Mercurialis, Jerome

, a learned and eminent physician, was born at Forli, in Romagna, Sept 30, 1530. He was educated according to Niceron at Padua, and according to Eloy at Bologna. It seems, however, agreed that he received his doctor’s degree in 1555, and began to practice at Forli. In 1562 he was sent as ambassador to pope Pius IV. at Rome, where he was honoured with the citizenship, and upon a pressing invitation determined to reside in a place which presented so many opportunities | for the pursuit of his favourite studies. During his abode at Rome, besides his professional concerns, he studied classical literature, and the monuments of antiquity, and produced a learned and elegant work, which acquired him much celebrity in the literary world, and which was first published at Venice in 1569, under the title of “De Arte Gymnastica Libri sex,” 4to. It was many times reprinted, and its merit occasioned his being appointed professor of medicine in the university of Padua. In 1573 he was called to Vienna by the emperor Maximilian II., to consult respecting a severe illness under which that personage laboured; and his treatment was so successful, that he returned loaded with valuable presents, and honoured with the dignities of a knight and count palatine. In 1587 he removed to a professorsip at Bologna, which has been partly attributed to a degree of dissatisfaction or self-accusation, in consequence of an error of judgment, which had been committed by him and Capivaccio, several years before, when they were called to Venice, in order to give their advice respecting a pestilential disorder which prevailed in that city. On this occasion both he and his colleague seem to have fallen into the mistake of several medical theorists, of denying the reality of contagion; and their counsels were said to have been productive of extensive mischief. Nevertheless his reputation appears to have suffered little from this error; for he was invited by Ferdinand, the grand duke of Tuscany, to settle at Pisa in 1599, where he was ordered a stipend of eighteen: hundred golden crowns, which was ultimately raised to two thousand. Here he died Nov. 9, 1606, and was interred, with great honours, in a chapel, which he had himself erected at Forli. He left a large property in money and effects, among which was a valuable collection of pictures; and he made a great number of charitable bequests.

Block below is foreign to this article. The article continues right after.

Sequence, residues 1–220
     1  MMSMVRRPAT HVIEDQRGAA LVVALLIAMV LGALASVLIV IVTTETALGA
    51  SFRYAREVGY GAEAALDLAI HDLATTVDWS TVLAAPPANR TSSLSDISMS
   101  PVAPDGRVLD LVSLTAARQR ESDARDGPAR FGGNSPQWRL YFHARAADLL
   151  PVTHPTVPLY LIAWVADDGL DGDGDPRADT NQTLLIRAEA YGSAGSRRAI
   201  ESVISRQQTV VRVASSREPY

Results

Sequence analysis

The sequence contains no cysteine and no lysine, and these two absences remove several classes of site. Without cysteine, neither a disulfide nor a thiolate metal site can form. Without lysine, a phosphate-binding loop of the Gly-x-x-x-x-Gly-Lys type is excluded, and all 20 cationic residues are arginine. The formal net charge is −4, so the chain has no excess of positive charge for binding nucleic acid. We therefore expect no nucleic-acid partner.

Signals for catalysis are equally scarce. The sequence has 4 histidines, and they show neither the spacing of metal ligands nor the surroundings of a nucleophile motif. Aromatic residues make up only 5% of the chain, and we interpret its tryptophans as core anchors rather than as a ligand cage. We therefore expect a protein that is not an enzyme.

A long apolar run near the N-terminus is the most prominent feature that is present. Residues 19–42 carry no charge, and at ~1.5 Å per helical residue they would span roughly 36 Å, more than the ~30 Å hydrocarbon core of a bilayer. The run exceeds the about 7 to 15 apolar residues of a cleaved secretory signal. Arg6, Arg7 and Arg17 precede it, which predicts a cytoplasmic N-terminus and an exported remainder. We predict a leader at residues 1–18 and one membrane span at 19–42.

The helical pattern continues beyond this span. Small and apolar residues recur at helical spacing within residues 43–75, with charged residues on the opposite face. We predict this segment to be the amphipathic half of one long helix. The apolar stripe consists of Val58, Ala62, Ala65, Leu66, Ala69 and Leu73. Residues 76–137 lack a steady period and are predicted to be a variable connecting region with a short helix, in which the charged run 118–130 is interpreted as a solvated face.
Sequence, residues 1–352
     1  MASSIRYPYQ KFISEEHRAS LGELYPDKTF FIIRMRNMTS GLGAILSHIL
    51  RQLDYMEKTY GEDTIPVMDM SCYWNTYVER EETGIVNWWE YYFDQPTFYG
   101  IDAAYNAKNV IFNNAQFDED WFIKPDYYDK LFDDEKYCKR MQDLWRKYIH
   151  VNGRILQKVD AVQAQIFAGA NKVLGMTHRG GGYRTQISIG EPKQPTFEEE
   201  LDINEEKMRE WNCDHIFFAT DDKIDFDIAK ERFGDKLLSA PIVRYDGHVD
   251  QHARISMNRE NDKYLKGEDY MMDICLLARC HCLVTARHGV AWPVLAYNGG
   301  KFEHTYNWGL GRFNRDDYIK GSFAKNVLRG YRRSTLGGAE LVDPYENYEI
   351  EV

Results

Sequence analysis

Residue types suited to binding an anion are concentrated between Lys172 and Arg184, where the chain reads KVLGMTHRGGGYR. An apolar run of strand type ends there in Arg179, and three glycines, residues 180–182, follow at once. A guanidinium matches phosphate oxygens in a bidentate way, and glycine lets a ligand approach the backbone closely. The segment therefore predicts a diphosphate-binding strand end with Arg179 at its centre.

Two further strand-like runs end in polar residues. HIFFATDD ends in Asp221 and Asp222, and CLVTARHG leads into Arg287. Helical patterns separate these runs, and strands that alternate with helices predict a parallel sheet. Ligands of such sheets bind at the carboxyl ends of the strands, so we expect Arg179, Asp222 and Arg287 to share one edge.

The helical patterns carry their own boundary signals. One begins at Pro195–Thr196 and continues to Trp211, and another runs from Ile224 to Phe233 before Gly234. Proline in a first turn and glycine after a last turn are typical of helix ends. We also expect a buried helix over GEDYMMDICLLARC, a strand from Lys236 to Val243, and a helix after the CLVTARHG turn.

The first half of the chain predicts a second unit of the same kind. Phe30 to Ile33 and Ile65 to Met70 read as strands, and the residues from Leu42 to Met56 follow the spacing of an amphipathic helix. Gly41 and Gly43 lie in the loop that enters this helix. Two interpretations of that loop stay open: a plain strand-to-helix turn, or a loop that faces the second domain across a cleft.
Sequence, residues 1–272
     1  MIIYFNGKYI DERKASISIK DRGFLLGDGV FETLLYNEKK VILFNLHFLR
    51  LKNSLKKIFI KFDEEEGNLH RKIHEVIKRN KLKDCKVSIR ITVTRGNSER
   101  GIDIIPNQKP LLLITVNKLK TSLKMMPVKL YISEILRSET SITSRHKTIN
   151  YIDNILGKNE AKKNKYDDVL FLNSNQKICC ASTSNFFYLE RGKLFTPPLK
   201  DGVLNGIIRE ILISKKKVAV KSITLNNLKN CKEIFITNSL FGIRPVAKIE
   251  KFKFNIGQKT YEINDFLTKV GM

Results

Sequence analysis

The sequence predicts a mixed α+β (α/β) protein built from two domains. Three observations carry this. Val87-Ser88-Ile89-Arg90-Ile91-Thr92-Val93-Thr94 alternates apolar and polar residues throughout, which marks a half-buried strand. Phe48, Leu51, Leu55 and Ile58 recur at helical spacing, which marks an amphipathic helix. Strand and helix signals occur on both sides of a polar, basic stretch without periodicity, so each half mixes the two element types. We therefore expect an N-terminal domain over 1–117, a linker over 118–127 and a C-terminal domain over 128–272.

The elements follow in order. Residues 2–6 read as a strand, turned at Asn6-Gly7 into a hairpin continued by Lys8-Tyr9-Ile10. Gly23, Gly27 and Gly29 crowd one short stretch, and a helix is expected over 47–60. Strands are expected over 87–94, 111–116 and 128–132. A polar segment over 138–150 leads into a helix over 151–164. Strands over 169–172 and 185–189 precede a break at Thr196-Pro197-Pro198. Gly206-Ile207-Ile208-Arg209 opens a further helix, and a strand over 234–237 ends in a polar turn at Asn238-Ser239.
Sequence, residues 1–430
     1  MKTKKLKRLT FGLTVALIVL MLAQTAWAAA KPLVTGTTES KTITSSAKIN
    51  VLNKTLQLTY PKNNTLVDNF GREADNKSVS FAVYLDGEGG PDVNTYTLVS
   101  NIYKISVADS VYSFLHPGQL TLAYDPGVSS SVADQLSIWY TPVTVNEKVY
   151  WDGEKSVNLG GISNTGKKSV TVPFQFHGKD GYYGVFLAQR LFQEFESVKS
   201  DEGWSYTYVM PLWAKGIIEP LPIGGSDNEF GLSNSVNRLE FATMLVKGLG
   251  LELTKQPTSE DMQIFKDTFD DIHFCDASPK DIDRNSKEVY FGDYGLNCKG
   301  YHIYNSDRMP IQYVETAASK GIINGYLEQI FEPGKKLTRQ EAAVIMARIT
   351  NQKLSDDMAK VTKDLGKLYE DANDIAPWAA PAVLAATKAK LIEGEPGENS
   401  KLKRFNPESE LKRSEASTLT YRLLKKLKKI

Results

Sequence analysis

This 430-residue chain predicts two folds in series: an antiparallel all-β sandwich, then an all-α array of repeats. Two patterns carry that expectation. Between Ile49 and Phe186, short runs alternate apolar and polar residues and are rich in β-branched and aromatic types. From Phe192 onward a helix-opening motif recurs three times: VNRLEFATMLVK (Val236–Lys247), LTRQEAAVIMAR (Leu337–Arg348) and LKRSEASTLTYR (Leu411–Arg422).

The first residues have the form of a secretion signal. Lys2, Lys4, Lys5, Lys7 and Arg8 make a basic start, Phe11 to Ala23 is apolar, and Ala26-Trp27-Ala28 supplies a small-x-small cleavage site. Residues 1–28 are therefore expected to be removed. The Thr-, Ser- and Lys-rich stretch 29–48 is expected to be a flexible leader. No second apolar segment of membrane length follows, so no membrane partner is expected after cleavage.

Mercuriali was a voluminous writer, as the following catalogue of his works will evince. He was a learned commentator on Hippocrates, and edited a classified collection of his works. Like the learned of his age, however, he was bigotted to the doctrines of the ancients, and fond of hypothetical reasoning, to the disparagement of sound observation; and he strongly imbued his pupils with the same erroneous principles. His first publication was a tract entitled “Nomothesaurus, seu Ratio lactandi Infantes.” His second, the work “De Arte Gymnastica,| before-mentioned. 3. “Variarum Lectionum in Medicinse Scriptoribus et aliis, Libri iv.Venice, 1571. 4. “De Morbis Cutaneis, et omnibus corporis humani Excrementis,” ib. 1572. 5. “Tractatus de Maculis pestiferis et Hydrophobia,” Basle, 1577. 6. “De Pestilentia in universum, proesertim vero de Veneta et Patavina,Venice 1577. 7. “Hippocratis Opera Grsece et Latine,” ibid. 1578. 8. “De Morbis Muliebribus Praelectiones,” Basle, 1582. 9. “De Morbis puerorum Tractatus locupletissimi,Venice, 1583. 10. “De Venenis et Morbis venenosis,” ibid. 1584. 11. “De Decoratione liber,” ib. 1585. 12. “Consultationes et Responsa Medicinalia.” Four volumes were successively published in 1587, 1590, and 1597; and were republished together after his death. 13. “Tractatus de Compositione Medicamentorum, De Morbis oculorum et auriura,” ibid. 1590. 14. “De Hominis Generatione,1597. 15. “Commentarii in Hippoc. Coi Prognostica, Prorrhetica,” &c. ibid. 1597. 16. “Medicina Practica, seu, de cognoscendis, discernendis, et curandis omnibus humani corporis affectibus,” Francfort, 1602, folio. All these works have been several times reprinted, and some of them were selected after his death, and printed together, under the title of “Opuscula aurea et selectiora,Venice, 1644, folio. 1

1 Niceron, vol. XXVI. —Eloy, —Dict. Hist. de Medicine.—Moreri. —Rees’s Cyclopædia.